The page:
Mike grew up on a family farm in northeast Nebraska. Cattle, hogs and row crop filled out the menu for the third generation farm. He now leads Tygus Partners, which works with farms and business to develop strategic plans and unlock hidden opportunities and strengths.
06 Mar 2017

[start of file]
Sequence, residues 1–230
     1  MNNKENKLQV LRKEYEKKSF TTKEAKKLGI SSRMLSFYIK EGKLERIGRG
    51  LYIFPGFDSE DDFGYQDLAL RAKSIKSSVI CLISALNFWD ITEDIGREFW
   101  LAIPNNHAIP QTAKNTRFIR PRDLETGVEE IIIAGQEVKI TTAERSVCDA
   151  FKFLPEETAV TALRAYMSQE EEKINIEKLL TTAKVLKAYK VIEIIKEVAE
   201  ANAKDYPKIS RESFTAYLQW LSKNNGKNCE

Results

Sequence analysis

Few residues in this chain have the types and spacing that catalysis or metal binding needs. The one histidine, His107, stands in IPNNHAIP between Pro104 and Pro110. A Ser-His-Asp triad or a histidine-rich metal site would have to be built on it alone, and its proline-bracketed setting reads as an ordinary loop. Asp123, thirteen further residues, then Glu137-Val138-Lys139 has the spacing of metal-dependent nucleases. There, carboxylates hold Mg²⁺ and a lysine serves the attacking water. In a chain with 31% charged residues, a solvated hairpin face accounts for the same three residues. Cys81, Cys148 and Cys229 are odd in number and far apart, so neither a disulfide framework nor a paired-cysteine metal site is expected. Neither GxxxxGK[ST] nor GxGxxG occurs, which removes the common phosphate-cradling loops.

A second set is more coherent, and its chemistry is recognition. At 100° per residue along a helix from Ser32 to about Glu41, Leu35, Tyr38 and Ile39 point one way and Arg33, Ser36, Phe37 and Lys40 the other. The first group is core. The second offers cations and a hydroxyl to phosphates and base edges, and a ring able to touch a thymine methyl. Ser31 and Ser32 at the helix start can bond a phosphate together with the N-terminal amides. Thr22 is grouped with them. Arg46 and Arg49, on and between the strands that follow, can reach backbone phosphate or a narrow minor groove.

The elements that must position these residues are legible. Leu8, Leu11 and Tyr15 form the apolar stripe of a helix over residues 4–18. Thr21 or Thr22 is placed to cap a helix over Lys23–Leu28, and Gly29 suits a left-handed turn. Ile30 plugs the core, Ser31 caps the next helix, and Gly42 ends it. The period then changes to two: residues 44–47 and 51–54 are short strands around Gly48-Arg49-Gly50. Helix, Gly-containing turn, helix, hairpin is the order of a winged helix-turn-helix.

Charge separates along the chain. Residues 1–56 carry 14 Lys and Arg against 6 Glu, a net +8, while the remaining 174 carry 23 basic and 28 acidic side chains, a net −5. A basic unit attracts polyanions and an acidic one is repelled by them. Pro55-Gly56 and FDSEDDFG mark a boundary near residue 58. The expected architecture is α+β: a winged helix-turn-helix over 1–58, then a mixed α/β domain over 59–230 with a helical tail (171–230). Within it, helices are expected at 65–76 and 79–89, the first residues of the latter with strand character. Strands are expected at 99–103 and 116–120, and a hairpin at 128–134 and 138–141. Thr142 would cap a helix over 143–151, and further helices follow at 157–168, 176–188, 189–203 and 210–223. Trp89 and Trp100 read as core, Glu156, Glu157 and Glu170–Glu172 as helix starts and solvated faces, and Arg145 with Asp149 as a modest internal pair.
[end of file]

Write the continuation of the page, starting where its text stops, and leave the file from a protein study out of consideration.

Momentum is an interesting word and an even more intriguing concept. It’s defined by the American Heritage dictionary as “the driving force or advancing strength of a development or course of events.” But momentum is also critical to your farm. Much needs to happen as planned for a farm to break even or make money ($7 corn notwithstanding) and gain some advancing strength or momentum. Without momentum, a farm, like anything else, will stop moving forward. Every operation begins the year with high hopes and expectations. However, a farm that has a high debt-to-equity ratio, low working capital, or family/employee issues will find it extremely difficult to gain momentum. Expansion and section 179 purchases during recent boom cycles have also brought some operations into the red with today’s grain prices. Most would admit that each year had its own plan and they ‘took advantage’ of ‘once in a lifetime opportunities’- but that approach doesn’t look long enough into the future and it can cause farmers to lose momentum. Planning beyond the current season is the only way to capture momentum to carry forward for the future and continue your farm’s legacy. Most farm game plans only utilize momentum for this year’s crop. When corn and soybean prices hit bottom… the prevailing thinking is to ‘get by until next year.’ It is difficult to imagine gaining any momentum with $3.50 corn as low grain prices crush margins and halt many operational plans. But it’s definitely possible. Here’s how. To gain the necessary momentum requires a well thought through plan that emphasizes the strengths of your farm operation over multiple years. Your plan should utilize your experience and expertise together with that of your hand-picked team – your CPA, banker, attorney, insurance advisor, seed salesman, precision agriculture coach – and you should take advantage of your farm’s strengths. While no one knows what grain prices will do from year to year, your plan should have contingencies in place that allow you to alter one year’s plan and make up for it in another year. Talk about your long term plan with your team and clearly outline how they are going to be part of the success of your 5 or 7 year vision. Farmers that are able to form a unique perspective of their farm’s strengths and leverage them with the help of their team are able to break through the limits of low grain prices. For example, what untapped potential does your farm have because of its location? What types of talent do you have within your farm family that could provide much needed diversification, if only there was an opportunity created for them? Is there a partnering scenario with another Ag business or farm operation that could conceive a new profit stream? It can be difficult for farmers to think about their farm with a new perspective and change generational practices. But when you think differently and apply a new dimension to your planning, new opportunities become apparent. Farmers are a creative bunch…and with the right team and new approach, momentum begins to overcome the effect of low commodity prices. If you don’t have a long term plan, there is an old Chinese proverb: "The best time to plant a tree was 20 years ago. The second best time is now." Every farmer is in it for the long haul. A year to year farm business plan just doesn’t match the terms required for ‘the long haul.’ Creating a long term business plan that will create and keep momentum for the next generation is the ultimate winning strategy. The views expressed in this article are the author's alone and not those of Farmer's Business Network, Inc., its affiliates, or members.